Any business writing for the Internet wants to project a sense of authority in their field. Well-researched white papers, killer on-site content, frequent blog updates and a strong and carefully curated social media presence will go a long way toward establishing that coveted reputation for expertise. But it’s not just the quantity of the content you produce that matters: it’s all about quality. The way your information is presented—the writing itself—has a huge effect on how the reader perceives you as its source.
Losing Face to Typos
Building up a large catalog of content on the Internet is a great way to build credibility. But your demonstration of impressive knowledge of whatever area you’re writing about isn’t the only driving force behind what makes your readers trust you. Part of the authority you’re building is simply because you’re reaching your audience through text. Studies have shown that people are more likely to believe something if it’s written down (which explains why your embarrassing relatives buy into the hype and become outraged every time Facebook changes their privacy settings).
— Gizmodo (@Gizmodo) May 30, 2012
But it shakes our faith in the writer’s expertise when we find a typo. How would you feel if your doctor misspelled kept writing “brian” or “stomache”? Would you be less inclined to take her medical advice, or would you take everything with a grain of salt? Typos and other spelling and grammar errors are the fastest way to tank your credibility. Case in point: remember when the Romney 2012 campaign misspelled “America”? Don’t let a simple typo make you a laughing stock—there’s a simple solution.
The Secret? Editing!
The trick to making sure you don’t have errors in your content? Editing. It sounds obvious, but it’s imperative that you take a second look at every piece of content you write before it goes live. Try reading your content out loud—you’ll find errors you wouldn’t notice otherwise because you process the words in front of you differently if you’re reading out loud than you do if you’re just reading to yourself. Since it’s notoriously difficult to edit your own work, you might want to have a second set of eyes check particularly important documents, like emails to your investors or presentations for conventions. Even if you don’t have a staff of editors, just asking someone else to read over your work will help you catch any stray typos.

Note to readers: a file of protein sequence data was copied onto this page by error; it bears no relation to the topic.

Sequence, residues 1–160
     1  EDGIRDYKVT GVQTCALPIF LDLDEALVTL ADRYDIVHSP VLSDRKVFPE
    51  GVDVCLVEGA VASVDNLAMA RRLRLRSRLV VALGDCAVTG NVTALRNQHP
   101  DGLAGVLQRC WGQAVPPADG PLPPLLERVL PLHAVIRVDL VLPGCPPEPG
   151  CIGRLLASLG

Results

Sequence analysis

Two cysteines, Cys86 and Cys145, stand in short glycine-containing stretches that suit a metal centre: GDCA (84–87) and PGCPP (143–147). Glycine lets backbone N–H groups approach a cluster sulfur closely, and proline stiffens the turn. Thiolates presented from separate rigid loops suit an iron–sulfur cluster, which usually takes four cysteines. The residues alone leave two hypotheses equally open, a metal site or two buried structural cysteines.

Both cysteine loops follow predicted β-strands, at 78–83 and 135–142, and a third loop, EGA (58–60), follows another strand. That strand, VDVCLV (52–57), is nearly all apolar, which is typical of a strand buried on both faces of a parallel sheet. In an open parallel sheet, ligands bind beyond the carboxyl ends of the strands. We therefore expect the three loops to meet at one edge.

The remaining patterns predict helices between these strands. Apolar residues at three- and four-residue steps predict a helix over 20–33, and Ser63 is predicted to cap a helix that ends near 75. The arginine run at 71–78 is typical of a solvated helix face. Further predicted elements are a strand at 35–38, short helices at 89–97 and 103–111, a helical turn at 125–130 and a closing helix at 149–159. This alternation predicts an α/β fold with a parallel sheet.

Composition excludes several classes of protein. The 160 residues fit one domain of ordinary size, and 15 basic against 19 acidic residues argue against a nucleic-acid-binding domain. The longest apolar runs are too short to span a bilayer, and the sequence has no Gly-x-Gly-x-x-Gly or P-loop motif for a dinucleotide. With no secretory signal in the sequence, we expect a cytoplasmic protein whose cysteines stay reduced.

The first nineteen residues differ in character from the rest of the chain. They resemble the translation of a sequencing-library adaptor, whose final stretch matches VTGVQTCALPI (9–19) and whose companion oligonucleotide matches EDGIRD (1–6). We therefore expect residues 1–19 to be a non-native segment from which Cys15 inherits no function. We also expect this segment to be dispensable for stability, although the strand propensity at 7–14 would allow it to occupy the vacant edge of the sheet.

Another factor hurting your credibility? Using words incorrectly. It happens to everyone, but that doesn’t mean you shouldn’t try your darnedest to prevent it. Keep an eye out for words that trip everyone up: affect and effect, for example, or compliment and complement. If you’re not sure, look it up—you’ll never regret the thirty seconds it takes to confirm you’re using the right word as much as you would regret using the wrong one and losing credibility as a result.
Being Consistent Is Key
Once you’re in the habit of double-checking important documents before sending them out, you might be tempted to slack a little bit. Why proofread an email to a colleague? She knows what you mean, even if you use the wrong “your” by mistake. Don’t fall prey to the temptation! Consistency is key—your efforts to eradicate typos and grammar mistakes shouldn’t stop with outward-facing text, like your website and documents for the investors. To really solidify your credibility and authority, every piece of content you produce should have the same level of professional care applied to it. That means that every email you send, every presentation you plan, and even the instructions you send to writers should be checked over and approved before you let go of them. If you’d be embarrassed to let your boss see you use the wrong word or leave a typo in a piece of content, why shouldn’t you be embarrassed to let your coworkers—or worse, your customers—see the same thing?
Need some help editing your content? No editors to turn to? Content Runner might be able to help. Contact us and we’ll see how we can work together to give your content the all-clear.